Governance" or "Governing?"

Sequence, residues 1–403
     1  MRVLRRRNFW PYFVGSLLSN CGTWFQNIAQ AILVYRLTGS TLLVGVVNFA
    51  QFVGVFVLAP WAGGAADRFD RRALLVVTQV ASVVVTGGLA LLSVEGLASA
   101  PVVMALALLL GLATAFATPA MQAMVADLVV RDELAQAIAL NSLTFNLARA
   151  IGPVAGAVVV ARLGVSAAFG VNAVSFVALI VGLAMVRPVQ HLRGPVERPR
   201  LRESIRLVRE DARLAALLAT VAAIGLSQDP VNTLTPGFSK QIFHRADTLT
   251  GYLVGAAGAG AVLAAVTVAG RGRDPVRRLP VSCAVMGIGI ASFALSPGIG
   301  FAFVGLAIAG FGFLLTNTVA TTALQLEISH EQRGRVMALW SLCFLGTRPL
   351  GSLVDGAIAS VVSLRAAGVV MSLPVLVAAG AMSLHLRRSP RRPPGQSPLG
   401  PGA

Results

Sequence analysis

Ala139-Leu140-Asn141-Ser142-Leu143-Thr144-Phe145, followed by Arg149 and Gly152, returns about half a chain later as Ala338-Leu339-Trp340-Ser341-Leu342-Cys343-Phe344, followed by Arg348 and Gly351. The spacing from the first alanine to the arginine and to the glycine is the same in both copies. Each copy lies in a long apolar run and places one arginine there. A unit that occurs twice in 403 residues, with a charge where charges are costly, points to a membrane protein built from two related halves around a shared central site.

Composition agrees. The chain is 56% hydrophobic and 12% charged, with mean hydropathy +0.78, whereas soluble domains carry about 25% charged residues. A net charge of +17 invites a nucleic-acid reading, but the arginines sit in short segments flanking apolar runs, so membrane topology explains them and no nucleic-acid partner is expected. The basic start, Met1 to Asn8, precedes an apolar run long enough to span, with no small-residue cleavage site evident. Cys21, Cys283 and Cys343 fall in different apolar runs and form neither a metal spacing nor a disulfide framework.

AbstractThis paper draws on four perspectives on power and its exercise in organizations to analyze the practice of governing colleges and universities. I use political theories (particularly those assessing the legitimacy and effectiveness of stable political entities), leadership studies, analyses of how formal and informal organizations interact in the management of conflict, and analyses of the tension between bureaucratic and professional authority. My argument proposes that the processes of governing provide more useful data than structures of governance in understanding how college and university organizations manage conflict. I conclude that power, conceptualized more in Jeffersonian than Machiavellian terms, can form the central theme of a way to govern academic institutions-and has a far better chance of succeeding than any particular structural form.
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